A 2015 investment by the Morgridge Institute for Research in mass spectrometry has already reaped rewards in the quest to defeat Alzheimer’s disease.
The Laboratory of Biomolecular Mass Spectrometry (LBMS), launched in summer 2015, accelerates the university’s ability to apply this powerful technology to high-impact projects, says Joshua Coon, UW-Madison professor of chemistry and biomolecular chemistry and LBMS director.
Coon and his team use something akin to a venture investment model in choosing projects: They look for early-stage questions that play to the strengths of the technology. They then run small pilot projects to demonstrate their potential, with the hope that some of these projects blossom into major new research directions.
That’s exactly what happened with a project from the Wisconsin Alzheimer’s Disease Program. The project, led by Professor of Medicine-Geriatrics Sterling Johnson, uses blood samples from the Wisconsin Registry of Alzheimer’s Prevention (WRAP), which includes more than 1,500 participants. The 15-year-old registry includes mostly the adult children of parents with Alzheimer’s disease. The project also involved patients with dementia and mild memory impairment from the Wisconsin Alzheimer’s Disease Research Center (ADRC).
In the LBMS, researchers found a partner capable of unleashing the incredible potential of these samples and their associated cognitive and biomarker data. With mass spectrometry, they can study the metabolomics of these samples to identify potential early pathways of the disease — long before symptoms appear. Mass spectrometry is a method of determining the precise chemical identity of a substance.
“This technology was a great fit for what they wanted to do,” Coon says. “Together we did some pilot studies with equipment provided by the Morgridge Institute and generated some promising data. We then wrote both a UW 2020 proposal and a National Institutes of Health research grant, and both were funded based on this preliminary data.”
Corinne Engelman, associate professor of population health sciences and principal investigator on the NIH project, says this is a very exciting new path to investigate Alzheimer’s. “We’re finding that there’s a particular metabolite that’s found in different levels in people who are declining in cognition than those who are remaining cognitively stable,” she says. “And that finding has been replicated in both datasets.”
The pilot study began with 83 WRAP subjects — 55 stable and 28 in cognitive decline — and 72 subjects from the ADRC test group. The two major grants will enable them to study more of the collection of 8,000 samples and associated brain images, lifestyle and genetic data.
Of the 615 metabolites tested in the pilot study, seven were statistically significant, she says. Four were phospholipids — molecules that provide structure to cells — that were all present at higher levels in cognitive decliners versus non-decliners in mid-life. However, in the decliners, the levels decreased over the decades, whereas in non-decliners the levels increased.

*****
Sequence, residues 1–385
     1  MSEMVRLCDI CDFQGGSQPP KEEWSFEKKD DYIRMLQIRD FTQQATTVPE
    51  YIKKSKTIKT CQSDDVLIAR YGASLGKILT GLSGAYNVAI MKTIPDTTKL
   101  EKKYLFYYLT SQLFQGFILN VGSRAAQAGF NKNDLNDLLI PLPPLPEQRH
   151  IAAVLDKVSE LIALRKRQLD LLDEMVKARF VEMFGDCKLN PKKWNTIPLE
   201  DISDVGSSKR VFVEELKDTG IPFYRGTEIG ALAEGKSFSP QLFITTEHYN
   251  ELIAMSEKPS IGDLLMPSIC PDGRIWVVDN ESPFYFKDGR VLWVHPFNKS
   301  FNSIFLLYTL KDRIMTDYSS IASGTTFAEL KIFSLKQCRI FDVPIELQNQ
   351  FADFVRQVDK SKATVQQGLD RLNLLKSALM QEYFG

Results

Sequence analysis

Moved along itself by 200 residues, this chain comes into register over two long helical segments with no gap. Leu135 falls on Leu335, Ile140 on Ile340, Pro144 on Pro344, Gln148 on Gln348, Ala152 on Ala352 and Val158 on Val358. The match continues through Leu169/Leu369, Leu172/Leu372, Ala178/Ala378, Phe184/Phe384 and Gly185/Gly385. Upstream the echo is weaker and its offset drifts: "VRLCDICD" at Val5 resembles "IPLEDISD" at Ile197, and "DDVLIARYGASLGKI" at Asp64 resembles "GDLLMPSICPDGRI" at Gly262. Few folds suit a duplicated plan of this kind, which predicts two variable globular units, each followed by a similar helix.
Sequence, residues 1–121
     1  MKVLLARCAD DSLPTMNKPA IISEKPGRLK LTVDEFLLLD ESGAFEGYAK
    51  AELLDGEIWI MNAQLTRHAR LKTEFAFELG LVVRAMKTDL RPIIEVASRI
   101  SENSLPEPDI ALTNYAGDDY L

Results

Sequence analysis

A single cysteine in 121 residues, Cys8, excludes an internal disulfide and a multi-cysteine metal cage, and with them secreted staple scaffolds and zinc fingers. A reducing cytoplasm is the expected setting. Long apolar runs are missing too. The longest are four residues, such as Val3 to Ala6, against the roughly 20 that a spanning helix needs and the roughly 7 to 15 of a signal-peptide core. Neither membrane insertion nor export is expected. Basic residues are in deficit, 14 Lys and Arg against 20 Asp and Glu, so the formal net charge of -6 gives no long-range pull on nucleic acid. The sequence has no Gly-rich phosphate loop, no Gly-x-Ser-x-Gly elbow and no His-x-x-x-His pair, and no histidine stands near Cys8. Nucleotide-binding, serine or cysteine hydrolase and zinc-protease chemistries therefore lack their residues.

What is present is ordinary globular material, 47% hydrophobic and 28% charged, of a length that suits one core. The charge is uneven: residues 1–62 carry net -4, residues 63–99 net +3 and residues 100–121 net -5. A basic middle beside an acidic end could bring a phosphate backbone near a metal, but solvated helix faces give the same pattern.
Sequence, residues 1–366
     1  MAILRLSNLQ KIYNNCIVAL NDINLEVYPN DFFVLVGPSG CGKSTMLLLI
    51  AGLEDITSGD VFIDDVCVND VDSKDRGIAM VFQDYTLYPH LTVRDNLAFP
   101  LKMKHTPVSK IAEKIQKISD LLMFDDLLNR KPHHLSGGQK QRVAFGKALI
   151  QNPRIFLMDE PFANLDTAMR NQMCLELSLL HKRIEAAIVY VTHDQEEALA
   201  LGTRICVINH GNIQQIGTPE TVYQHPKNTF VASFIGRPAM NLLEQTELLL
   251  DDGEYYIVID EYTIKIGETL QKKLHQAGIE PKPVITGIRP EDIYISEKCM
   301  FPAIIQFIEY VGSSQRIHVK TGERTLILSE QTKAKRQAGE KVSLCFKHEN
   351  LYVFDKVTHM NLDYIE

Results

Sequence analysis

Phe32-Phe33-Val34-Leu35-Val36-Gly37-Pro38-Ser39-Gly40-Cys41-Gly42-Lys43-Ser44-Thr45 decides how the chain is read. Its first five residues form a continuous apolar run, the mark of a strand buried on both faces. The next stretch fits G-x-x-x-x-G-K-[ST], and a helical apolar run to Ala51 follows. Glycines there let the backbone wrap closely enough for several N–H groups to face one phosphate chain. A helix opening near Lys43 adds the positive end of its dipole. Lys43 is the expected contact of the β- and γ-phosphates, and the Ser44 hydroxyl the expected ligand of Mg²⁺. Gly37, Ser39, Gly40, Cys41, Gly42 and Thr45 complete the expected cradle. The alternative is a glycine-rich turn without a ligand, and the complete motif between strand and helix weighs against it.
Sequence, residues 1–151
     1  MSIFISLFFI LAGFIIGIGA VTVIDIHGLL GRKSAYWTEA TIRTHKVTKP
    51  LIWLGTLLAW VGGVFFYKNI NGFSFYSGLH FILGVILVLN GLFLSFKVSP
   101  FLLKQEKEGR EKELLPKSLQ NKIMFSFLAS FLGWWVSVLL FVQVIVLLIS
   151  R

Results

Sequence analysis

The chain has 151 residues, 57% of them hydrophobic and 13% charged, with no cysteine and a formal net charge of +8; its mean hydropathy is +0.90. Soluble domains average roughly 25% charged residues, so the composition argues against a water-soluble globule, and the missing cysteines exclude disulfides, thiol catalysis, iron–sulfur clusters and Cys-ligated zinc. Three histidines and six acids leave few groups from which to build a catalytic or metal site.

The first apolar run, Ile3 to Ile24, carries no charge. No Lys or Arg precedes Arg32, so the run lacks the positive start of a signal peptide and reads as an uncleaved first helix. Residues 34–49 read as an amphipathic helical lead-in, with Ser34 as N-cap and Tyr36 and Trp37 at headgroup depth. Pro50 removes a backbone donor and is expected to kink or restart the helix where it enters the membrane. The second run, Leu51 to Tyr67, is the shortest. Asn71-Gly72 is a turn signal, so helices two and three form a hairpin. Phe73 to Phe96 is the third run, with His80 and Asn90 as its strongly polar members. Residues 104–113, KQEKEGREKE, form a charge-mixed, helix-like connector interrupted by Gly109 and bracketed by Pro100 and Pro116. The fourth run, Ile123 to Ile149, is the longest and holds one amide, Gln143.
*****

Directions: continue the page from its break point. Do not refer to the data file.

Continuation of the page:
“I would say the seed funding was more than helpful, it was critical,” she says. “Based on the reviewer comments, if we didn’t have this pilot data that proved we could do this, we may not have been funded.”
Engelman says one great benefit of “mass spec” technology is the ability to find both genetic and environmental signatures (such as diet) in metabolism. “If we could find a dietary factor that could offset the effects of problematic metabolites, that would be very important.” This work might also lead to new drug development and be used as an early diagnosis tool.
Sanjay Asthana, director of the ADRC, says UW-Madison is a leader in applying so-called ‘omics’ studies — metabolomics, proteomics, and others — to questions of Alzheimer’s cause and progression. He says it will be especially helpful at the “preclinical phase” of Alzheimer’s, where the disease has started but symptoms have yet to appear. More than 5 million Americans suffer from Alzheimer’s, and Asthana estimates that millions more are in the preclinical phase.
“Our hope is that we will eventually find new treatments to keep these people from ever getting the disease, or really delaying the onset of the disease itself,” Asthana says. “We’ll stop the disease before they have the disease.”
Jason Russell, a Morgridge staff member and associate director of LBMS, says the power of mass spec for studying complex diseases is its speed, sensitivity and specificity. In an hour, it can quantify as many as 700 different metabolism-related compounds in a sample and determine their exact chemical compositions. No competing technology can rival its molecular profiling capabilities.
“Nobody is certain how metabolism is disturbed in Alzheimer’s cases, so there’s no obvious place to start,” he says. “We’re able to analyze almost everything. The breadth of molecular diversity we’re able to measure is unparalleled.”
LBMS averages a new project each month, and several look to be following the successful path of the Alzheimer’s project. One is with Vincent Cryns, professor of endocrinology, who is researching alternative ways to treat breast cancer through dietary changes. Cryns is focused on an amino acid called methionine, which, when restricted in diet, weakens cancer cells and makes them easier to kill. The mass spec resource enables Cryns to precisely measure nearly a dozen compounds related to methionine metabolism.
The Department of Biochemistry also made an inaugural $300,000 investment in the laboratory. Coon says they designed the LBMS deliberately as a collaborative center, rather than a pay-for-service lab, in order to prioritize the highest-impact studies. Eventually, they anticipate the lab will pay for itself through support grants written into future research funding.